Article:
Several years ago, the congregation where I was serving as pastor decided to start a more contemporary worship service. Rather than have it in the sanctuary, we decided to hold it in the fellowship building. This is because some people are uncomfortable coming into a church building. The strategy seemed to work. We began attracting some new people from the community.

As we got to know these new worshippers, we began to learn their stories. One woman grew up in church where she was repeatedly molested by one of the church leaders. Even though she’s now in her 50s, these experiences still haunt her. One day she told me, “I’m glad you’re having this service in the fellowship hall. Now I can walk into church without having a panic attack.”

A woman from another congregation told me, “My first abuser spent the week grooming me during church camp when I was in second grade. I believed him when he said I was smart and pretty and fun to be around. His attention made me feel special. At the time, I didn’t know what was happening because I had no clue about sex and physical boundaries–it was never talked about at home.  I also believed him when he said not to tell anyone or there would be terrible consequences, but to trust him because I was his special friend. He said he loved me more than any of the other girls.”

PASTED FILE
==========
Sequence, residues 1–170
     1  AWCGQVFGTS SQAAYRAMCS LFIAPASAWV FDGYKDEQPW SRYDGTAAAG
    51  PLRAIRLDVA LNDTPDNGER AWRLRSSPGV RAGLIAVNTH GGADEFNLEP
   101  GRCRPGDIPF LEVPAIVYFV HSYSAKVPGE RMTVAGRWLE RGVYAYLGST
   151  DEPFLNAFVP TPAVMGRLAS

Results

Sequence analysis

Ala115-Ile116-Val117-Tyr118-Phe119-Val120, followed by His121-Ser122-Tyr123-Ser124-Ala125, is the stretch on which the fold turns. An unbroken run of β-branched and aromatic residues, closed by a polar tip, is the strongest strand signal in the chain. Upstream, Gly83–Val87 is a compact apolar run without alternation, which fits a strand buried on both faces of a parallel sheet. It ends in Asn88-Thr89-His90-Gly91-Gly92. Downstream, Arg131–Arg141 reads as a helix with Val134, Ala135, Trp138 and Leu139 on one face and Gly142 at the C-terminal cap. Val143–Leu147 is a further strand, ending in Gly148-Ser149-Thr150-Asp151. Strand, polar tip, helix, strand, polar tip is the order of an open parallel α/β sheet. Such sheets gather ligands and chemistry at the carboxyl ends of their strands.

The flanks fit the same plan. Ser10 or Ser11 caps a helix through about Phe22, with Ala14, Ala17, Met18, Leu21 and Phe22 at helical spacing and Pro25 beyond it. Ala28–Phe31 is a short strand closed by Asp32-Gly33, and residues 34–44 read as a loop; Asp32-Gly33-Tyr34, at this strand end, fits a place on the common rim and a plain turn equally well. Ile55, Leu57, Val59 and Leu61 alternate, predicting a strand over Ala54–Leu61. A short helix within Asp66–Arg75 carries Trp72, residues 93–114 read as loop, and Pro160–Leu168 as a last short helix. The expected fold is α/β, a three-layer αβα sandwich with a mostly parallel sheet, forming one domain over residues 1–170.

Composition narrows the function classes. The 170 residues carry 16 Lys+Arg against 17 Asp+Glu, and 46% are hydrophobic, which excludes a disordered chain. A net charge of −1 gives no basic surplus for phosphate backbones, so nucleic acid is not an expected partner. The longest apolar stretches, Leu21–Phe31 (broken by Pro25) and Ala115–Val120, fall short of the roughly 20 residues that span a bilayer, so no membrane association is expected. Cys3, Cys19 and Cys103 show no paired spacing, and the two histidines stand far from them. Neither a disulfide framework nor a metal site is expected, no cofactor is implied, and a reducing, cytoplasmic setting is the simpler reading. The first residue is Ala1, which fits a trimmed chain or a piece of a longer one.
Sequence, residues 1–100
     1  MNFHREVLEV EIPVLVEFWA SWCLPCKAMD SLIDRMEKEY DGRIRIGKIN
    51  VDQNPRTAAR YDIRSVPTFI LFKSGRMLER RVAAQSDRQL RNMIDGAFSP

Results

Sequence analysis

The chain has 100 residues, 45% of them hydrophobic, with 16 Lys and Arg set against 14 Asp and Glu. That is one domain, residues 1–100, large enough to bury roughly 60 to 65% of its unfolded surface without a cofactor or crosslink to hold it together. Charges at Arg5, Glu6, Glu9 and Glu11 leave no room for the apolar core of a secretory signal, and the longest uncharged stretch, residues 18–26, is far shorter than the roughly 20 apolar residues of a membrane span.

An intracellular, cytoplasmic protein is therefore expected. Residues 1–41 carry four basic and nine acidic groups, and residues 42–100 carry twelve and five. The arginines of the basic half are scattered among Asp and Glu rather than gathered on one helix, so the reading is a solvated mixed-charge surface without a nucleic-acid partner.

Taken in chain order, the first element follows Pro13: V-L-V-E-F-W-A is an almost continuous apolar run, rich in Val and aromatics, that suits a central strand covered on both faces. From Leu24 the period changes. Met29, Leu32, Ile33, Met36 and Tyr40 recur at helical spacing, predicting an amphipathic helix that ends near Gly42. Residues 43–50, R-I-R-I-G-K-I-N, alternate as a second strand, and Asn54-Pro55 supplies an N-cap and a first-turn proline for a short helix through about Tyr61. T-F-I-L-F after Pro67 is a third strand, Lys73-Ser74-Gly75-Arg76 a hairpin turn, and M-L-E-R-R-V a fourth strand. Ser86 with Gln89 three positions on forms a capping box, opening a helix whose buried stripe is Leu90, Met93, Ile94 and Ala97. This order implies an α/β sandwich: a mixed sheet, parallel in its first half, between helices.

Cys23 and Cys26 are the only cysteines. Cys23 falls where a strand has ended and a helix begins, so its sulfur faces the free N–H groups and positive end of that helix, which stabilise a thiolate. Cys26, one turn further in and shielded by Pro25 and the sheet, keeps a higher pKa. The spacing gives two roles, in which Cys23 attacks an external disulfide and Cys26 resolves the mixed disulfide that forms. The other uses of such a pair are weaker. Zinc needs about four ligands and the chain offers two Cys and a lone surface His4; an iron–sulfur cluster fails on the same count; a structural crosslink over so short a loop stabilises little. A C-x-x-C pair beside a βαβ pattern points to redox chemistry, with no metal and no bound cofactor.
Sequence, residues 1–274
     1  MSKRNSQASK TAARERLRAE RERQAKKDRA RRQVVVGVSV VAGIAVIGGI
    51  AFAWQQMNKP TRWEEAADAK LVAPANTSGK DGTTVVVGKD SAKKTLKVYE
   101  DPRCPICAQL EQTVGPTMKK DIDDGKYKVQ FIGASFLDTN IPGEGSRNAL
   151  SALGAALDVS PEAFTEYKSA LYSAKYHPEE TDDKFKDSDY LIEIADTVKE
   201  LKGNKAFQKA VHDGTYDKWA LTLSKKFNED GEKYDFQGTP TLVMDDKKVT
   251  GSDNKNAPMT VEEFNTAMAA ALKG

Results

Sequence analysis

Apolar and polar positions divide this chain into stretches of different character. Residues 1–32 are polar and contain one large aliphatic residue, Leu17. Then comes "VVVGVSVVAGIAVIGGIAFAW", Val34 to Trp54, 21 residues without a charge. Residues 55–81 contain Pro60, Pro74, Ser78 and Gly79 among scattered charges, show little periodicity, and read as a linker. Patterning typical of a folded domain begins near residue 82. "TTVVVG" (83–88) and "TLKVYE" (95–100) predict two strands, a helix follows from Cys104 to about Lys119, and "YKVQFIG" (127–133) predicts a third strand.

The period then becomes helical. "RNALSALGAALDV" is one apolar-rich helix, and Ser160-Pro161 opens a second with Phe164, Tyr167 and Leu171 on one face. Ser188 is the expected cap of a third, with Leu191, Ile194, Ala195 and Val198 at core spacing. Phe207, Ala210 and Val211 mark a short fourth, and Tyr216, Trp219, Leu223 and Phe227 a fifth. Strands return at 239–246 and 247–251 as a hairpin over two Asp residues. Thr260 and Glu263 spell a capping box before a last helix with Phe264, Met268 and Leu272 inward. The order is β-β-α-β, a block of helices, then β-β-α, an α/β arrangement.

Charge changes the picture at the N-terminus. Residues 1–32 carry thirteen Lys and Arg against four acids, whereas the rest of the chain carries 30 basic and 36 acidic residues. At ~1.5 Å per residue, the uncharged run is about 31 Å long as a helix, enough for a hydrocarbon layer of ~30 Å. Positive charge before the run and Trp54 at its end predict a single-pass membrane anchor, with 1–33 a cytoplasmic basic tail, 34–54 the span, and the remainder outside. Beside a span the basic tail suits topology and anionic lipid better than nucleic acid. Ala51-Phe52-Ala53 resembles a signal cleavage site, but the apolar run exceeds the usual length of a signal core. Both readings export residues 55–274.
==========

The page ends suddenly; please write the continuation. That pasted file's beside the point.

Working with people who experienced childhood sexual abuse has taught me that many sincere, God-fearing Christians would be shocked to hear the names of the people in their own congregations who engaged in this type of crime.

This is a painful subject to address. No one wants to believe that a family member or someone at church might be doing this to another family member. However, in as many as 93% of the child sexual abuse cases, the child knows the person that commits the abuse. While we certainly don’t want to falsely accuse anyone of abuse, we also don’t want to enable abuse either.

When Beth Moore revealed she’d been sexually abused, it caused a rift between her and her mom. Moore said, “When my mom found out she said, ‘We protect the family.’ There was a sense of shame to her for revealing what happened. It was put back on the victim for speaking out about this.”